Arms dealer dubbed 'Merchant of Death' sentenced to 25 years

A notorious arms dealer dubbed the “Merchant of Death” has been sentenced to 25 years in prison following his conviction on terrorism charges.

A notorious arms dealer dubbed the “Merchant of Death” has been sentenced to 25 years in prison following his conviction on terrorism charges.

After former Soviet officer Viktor Bout was sentenced in New York yesterday, Russia’s Foreign Ministry called the sentence “unfounded and biased” and pledged to seek his return home.

Russia had described Bout’s arrest as illegal.

Bout has been in jail since his arrest in Thailand four years ago after he met US Drug Enforcement Administration (DEA) operatives posing as agents of a Colombian terrorism group. He was extradited to the US for trial in 2010.

Prosecutors portrayed Bout as one of the world’s worst villains. They say the 45-year-old was ready to sell up to $20m in weapons, including surface-to-air missiles to shoot down US helicopters.

Bout has insisted he is a legitimate businessman.

Yesterday, Bout made clear he had heard enough in court, although a federal prosecutor was only two minutes into an argument urging a harsh prison sentence.

“It’s a lie!” Bout blurted out in English – a rare show of raw defiance for a defendant facing a possible life term.

Despite Bout’s outburst and his insistence that he was framed, he received only the mandatory minimum 25 years in prison.

The way federal agents went about capturing Bout – an elaborate sting that lured him to Thailand – appeared to play in his favour at his sentencing.

US district judge Shira Scheindlin said 25 years – not the life sentence wanted by prosecutors – was sufficient and appropriate because there was no evidence that Bout would have been charged with seeking to harm Americans if not approached by informants posing as Colombian rebels.

“But for the approach made through this determined sting operation, there is no reason to believe Bout would ever have committed the charged crimes,” she said.

Bout’s sentencing came months after a jury convicted him of four conspiracy charges relating to his support of a Colombian terrorist organisation.

For nearly two decades, he built a worldwide air cargo operation, amassing a fleet of more than 60 transport planes, hundreds of companies and a fortune reportedly in excess of $6bn – exploits that were the main inspiration for the Nicholas Cage film 'Lord Of War'.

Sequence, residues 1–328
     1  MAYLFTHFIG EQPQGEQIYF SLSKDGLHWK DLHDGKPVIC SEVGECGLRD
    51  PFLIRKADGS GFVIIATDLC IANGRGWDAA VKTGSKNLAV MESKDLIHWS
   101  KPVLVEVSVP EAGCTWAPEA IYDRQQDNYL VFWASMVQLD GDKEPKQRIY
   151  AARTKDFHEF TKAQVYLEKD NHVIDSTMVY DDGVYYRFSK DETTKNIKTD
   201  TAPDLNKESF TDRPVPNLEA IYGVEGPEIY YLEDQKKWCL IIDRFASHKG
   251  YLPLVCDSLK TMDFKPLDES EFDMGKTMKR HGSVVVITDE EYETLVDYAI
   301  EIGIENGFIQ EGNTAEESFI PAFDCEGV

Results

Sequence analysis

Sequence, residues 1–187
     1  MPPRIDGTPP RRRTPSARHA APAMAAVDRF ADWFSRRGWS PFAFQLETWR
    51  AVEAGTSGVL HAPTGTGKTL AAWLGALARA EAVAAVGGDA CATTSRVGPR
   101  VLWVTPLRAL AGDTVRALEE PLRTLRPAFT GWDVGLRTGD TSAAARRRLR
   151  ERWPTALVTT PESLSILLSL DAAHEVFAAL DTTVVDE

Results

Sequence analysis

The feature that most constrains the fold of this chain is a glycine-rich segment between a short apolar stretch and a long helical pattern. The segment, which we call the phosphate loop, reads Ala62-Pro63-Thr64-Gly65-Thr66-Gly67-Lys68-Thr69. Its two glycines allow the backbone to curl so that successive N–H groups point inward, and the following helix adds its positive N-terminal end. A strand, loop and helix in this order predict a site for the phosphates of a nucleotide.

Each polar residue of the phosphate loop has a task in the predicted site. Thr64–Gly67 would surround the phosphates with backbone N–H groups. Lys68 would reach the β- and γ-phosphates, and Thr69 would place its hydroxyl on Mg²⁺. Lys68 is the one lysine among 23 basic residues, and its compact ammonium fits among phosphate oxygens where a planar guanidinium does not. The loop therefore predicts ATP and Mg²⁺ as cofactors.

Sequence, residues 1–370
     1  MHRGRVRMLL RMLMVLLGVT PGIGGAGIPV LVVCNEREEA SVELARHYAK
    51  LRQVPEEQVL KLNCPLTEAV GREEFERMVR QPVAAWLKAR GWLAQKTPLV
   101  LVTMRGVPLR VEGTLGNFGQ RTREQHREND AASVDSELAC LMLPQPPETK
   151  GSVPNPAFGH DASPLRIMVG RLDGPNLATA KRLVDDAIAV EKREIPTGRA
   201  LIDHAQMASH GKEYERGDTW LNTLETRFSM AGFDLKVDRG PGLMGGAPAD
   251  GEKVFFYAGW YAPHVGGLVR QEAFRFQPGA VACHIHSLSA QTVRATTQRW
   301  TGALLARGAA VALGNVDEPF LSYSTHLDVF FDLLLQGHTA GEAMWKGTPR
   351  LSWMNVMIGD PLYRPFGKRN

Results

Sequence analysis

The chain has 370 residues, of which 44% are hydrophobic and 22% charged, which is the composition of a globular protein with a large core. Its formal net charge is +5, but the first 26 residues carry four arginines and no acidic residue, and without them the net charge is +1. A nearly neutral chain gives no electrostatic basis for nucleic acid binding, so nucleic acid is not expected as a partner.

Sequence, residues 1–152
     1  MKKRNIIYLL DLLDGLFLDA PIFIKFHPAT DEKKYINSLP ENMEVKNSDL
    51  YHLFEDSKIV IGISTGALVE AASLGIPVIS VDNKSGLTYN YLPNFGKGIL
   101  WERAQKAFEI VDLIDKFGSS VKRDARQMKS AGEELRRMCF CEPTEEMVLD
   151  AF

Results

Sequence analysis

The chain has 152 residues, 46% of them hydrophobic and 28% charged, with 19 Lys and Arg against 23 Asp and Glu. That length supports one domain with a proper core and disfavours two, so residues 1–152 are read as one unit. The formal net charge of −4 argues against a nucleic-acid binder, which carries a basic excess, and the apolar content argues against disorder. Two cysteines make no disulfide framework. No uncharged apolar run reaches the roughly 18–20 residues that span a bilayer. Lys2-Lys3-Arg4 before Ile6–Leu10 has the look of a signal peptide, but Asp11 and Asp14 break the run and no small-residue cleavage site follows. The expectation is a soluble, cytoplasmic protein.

His aircraft flew from Afghanistan to Angola, carrying everything from raw minerals to gladioli, drilling equipment to frozen fish. But, according to authorities, the network’s speciality was black market arms – assault rifles, ammunition, anti-aircraft missiles, helicopter gunships and a full range of sophisticated weapons systems, almost always sourced from Russian stocks or from Eastern European factories.

In the months before the September 11 2001 attacks, US, British and United Nations authorities heard growing reports that Bout’s planes and maintenance operations, then headquartered in the United Arab Emirates, were aiding the Taliban while it sheltered al Qaida militants in Afghanistan.

Bout later denied that he worked with the Taliban or al Qaida, and denied ever participating in black market arms deals.

In 2008, while under economic sanctions and a UN travel ban, Bout was approached in Moscow by a close associate about supplying weapons on the black market to the Revolutionary Armed Forces of Colombia, or FARC.

Bout was told that the group wanted to use drug-trafficking proceeds to pay for surface-to-air missiles and other weapons, making it clear it wanted to attack helicopter pilots and other Americans in Colombia, prosecutors said.

He finalised the phoney deal with the two DEA informants in a bugged hotel room in Bangkok in March 2008.

Throughout the case, Bout maintained he was a legitimate businessman who was not selling arms when the American operatives came knocking.

But in court papers, prosecutors said the US government initiated its investigation in 2007 because Bout “constituted a threat to the United States and to the international community based on his reported history of arming some of the world’s most violent and destabilising dictators and regimes”.

The Merchant of Death nickname was attached to Bout by a high-ranking minister at Britain’s Foreign Office, who had drawn attention to his 1990s notoriety for running a fleet of ageing Soviet-era cargo planes to conflict-ridden hotspots in Africa.

The nickname was included in the US government’s indictment of Bout, and US attorney Preet Bharara made reference to it when he announced Bout’s extradition in late 2010, saying: “The so-called Merchant of Death is now a federal inmate.”

Mr Bharara, in a statement, called the sentence “a fitting coda for this career arms trafficker of the most dangerous order”.

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